Youth in Eastern Europe – Disillusioned, frustrated, or optimistic?

How does the youth view politics, the EU and democratisation? Haley Reimbold and Klaus Hurrelmann explain why their perceptions matter.

Recent Youth Studies conducted in South Eastern European nations supported by the Friedrich-Ebert-Stiftung present a detailed picture of where youth values, attitudes, beliefs, and perceptions align or diverge in the region. Building on the Shell Youth Study conducted in Germany every four to five years since 1953, this research has been led by national teams since 2011 with seven countries producing reports recently including Albania, Bosnia-Herzegovina, Bulgaria, Croatia, Kosovo, Macedonia, Romania, and Slovenia.

Studying democratization processes, EU integration, and the inter-linkages between these two areas is especially relevant in South Eastern Europe as EU integration is often cited as the main incentive or external impetus for democratization yet to become integrated into the EU, countries must reach a certain level of democratic development.

To date, limited research has been conducted focused on youth perceptions and attitudes toward EU integration and democratization in South Eastern Europe despite the fact that youth are critical stakeholders in helping countries overcome post-conflict democratization challenges. Additionally, youth are often catalysts for change within societies and their buy-in to EU integration and democratization processes can determine the success of such processes.

Youth have not been addressed in studies of EU integration of SEE and not been treated systematically in democratization studies. There are diverging expectations in regards to youth contributions to democratization. Research has established that social and political unrest is more likely in nations with large youth cohorts. This is especially true among marginalized groups in nations that provide few options for the advancement of educational or economic prospects. On the other hand, youth help to overcome negative consequences in some post-conflict democratization cases. For example, youth were able to offset ethnic divisions, which were solidified with introduction of power sharing institutions, in Bosnia and Herzegovina. Education and youth were the most productive domains for reconciliation and democratization in the post-conflict period.

Youth perceptions and engagement levels can provide indications of a country’s future direction and assessments of the opportunities available to them as well as the performance of country leadership and international institutions. If youth are becoming increasingly frustrated or disenfranchised from formal political processes, for example, uprisings or more informal modes of participation may occur. Youth studies, especially when they involve youth in the research process, reinforce the importance of young peoples’ perspectives and can contribute to re-engaging youth and ensuring that they feel heard by national and international players. And, an obvious benefit is that leadership can assess their performance and develop new strategies, when needed, to improve youth satisfaction. Of course, this research is ever more critical today, with fewer people accessing traditional modes of political and civic engagement and the growing use of online and alternative methods of influencing social and political change.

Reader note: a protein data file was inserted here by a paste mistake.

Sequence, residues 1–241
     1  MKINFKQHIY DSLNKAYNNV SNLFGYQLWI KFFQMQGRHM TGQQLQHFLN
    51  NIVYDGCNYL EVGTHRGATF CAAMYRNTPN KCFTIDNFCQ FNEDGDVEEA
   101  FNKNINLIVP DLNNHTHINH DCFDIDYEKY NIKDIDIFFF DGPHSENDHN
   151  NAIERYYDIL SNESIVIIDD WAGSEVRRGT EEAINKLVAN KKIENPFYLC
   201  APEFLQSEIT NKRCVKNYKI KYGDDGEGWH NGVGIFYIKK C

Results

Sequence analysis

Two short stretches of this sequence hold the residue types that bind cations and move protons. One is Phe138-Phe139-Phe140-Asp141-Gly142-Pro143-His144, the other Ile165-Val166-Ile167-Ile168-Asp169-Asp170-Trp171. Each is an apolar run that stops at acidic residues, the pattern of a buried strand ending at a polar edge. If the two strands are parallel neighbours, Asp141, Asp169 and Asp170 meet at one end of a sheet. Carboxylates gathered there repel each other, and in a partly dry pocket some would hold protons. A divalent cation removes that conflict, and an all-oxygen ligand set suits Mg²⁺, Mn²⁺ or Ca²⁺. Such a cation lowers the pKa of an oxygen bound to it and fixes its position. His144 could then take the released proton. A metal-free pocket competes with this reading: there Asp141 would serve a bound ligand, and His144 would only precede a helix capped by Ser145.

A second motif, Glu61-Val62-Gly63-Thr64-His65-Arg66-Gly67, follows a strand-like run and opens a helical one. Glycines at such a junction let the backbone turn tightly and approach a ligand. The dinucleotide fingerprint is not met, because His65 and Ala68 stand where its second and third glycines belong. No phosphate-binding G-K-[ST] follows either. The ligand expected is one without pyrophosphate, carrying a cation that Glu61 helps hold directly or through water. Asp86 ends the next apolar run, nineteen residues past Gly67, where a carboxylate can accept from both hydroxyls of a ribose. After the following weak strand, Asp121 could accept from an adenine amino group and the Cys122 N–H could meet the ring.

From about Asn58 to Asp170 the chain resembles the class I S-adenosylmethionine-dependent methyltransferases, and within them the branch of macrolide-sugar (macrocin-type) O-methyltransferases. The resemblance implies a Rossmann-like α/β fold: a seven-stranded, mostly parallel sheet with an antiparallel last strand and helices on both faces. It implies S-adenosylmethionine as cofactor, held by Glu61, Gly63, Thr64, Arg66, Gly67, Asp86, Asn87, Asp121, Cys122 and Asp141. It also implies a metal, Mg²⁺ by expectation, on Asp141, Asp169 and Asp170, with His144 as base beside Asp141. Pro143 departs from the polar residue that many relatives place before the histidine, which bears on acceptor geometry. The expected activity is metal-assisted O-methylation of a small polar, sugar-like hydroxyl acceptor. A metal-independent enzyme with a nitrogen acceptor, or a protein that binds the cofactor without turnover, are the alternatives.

While great variance exists across countries completing Youth Reports on many issue areas, commonalities emerged as well. For example, the most important value cited by youth in every country was personal dignity – political parties were among the least trusted institutions in all countries. Across all seven countries, youth believed that they could have greater political efficacy and influence governing institutions more at the local level than at the national level. Support for EU integration was widespread, but in countries that have recently joined the EU, support levels were almost 50 percent lower than in countries that are not yet part of the EU. This could be an indicator of youth feeling disillusioned and holding potentially unrealistic and unmet expectations from EU integration.

A fundamental problem of most SEE countries is the low level of trust and participation. While confidence in political institutions across the world declined since 1990, in Baltic countries this shift was extreme. The problem: The better political authorities perform, the more people will trust them, the more trusting and efficacious they will feel, and the more likely they will be to take part in democratic processes. Without young people having confidence in the system and leadership of their nation, we have to raise concerns that this could lead to the erosion of legitimacy of the foundations of the nation and representative government in the next generation.

The EU has several programs that support youth in action; however, national governments can make a greater effort to target youth support. Supporting youth organizations, financially and technically, would be beneficial to expand informal educational possibilities, but also to empower youth engagement. It is very likely that if a person becomes active in a youth organization, that she will remain socially active in adulthood as well.

Klaus Hurrelmann presented these ideas in a keynote at the Friedrich-Ebert Foundation’s conference Youth in East Europe: Challenges and Perspectives in Times of Transition on 27 February 2015.

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